Fletcher says he's learning more “about spraying some of these newer varieties. Some can handle not being sprayed a lot better than the older varieties.

“We'll consider that a little more from now on. Especially after several varieties — Pioneer 26R22 and Armor 3015 — didn't show disease symptoms nearly as bad as (other varieties).

“There's another reason I sprayed fungicide on my crop, this year: to maximize our yield. We thought we'd get a good price. But the basis (near $1.65 at press time) has been raised so much, much of that has been taken away.”

Did Fletcher have trouble finding wheat seed last fall? “No. As long as you were willing to reach deep in your pocket, you could find it.”

Fletcher plans to double-crop his wheat with soybeans. Being later in the season increases concerns. “That has to have at least a bit of an impact on yield and/or management. One farmer near here says you can expect a 1-bushel yield loss for every day beans are planted after June 20. That makes sense.”

Stinkbugs could be an issue on late beans, points out Kelley. Soybean rust is another thing that could bite later-planted soybeans.

“Planting this late, we're certainly watching for soybean rust movement,” says Fletcher. “We'll be in that window.”

However, few things worry the producer as much as rising fuel costs. “The fuel expense — aerial applicators, tractors, water pumps — is huge. It changes everything and outside the agriculture community few realize that.

“I'll tell you what I'm frightened of the most: our input prices — on fuel and fertilizer, particularly, but Roundup costs have also gone up 100 percent in the last year. Tractors typically burn through gallons of fuel per hour. Water pumps use from 2 to 4 gallons per hour and those run 24/7.”

If a pump averages a use rate of 3 gallons per hour, “that's $12 — nearly $300 a day,” Kelley points out.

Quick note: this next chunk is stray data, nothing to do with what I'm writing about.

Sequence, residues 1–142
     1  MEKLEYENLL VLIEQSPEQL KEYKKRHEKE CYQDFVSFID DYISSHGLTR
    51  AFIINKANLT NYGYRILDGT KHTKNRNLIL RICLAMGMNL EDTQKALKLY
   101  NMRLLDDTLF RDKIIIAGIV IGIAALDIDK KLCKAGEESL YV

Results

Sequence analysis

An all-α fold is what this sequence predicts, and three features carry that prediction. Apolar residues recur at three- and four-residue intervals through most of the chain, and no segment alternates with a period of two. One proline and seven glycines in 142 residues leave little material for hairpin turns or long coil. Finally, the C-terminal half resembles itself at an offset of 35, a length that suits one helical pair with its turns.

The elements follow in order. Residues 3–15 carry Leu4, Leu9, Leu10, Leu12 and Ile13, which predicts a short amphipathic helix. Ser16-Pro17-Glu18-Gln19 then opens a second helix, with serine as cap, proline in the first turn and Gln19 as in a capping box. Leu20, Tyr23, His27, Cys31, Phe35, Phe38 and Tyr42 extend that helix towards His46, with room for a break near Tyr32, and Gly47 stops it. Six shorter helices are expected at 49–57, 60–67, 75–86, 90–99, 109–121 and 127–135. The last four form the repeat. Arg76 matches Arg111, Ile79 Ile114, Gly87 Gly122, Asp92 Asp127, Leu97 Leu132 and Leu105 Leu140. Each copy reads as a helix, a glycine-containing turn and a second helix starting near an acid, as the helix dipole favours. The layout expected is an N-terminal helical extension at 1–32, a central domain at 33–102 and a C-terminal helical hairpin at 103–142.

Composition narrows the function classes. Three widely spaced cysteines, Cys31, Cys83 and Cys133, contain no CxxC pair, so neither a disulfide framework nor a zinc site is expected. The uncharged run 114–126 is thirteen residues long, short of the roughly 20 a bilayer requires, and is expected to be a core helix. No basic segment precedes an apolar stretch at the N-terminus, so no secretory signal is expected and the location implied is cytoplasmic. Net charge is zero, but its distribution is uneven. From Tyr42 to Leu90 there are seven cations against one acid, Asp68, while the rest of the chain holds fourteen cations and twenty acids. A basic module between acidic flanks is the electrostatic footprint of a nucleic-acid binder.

“That's right,” says Fletcher. “And we won't put rice on anything but heavy clay because of the heavy cost of water pumping. That means we're planting, maybe, a third as much rice as we once did.”

And that's true even with higher rice prices. For budgets, “we're figuring around $5.25 for rice, net. This $13 rice actually translates to about $5.25. That's what it looks like by the time you calculate all the inputs.”

Another issue wheat producers ran into was in early March through early April. That was when determinations about an additional shot of fertilizer were made.

“A shot was applied and then it rained and rained,” said Kelley. “In that situation should more fertilizer be applied? How much was lost to the rains?

“We hope to answer those questions this year. We applied another 50 pounds of ammonium sulfate and 50 pounds of urea to plots to see if an extra shot of late nitrogen at boot stage would increase yields. The wheat looked greener later in the season, but we'll have to wait and see if that translates to more yield.”

Considering everything, “I honestly have hopes for this wheat crop,” said Fletcher. “It had wet feet all year long — it's amazing that it looks as good as it does.”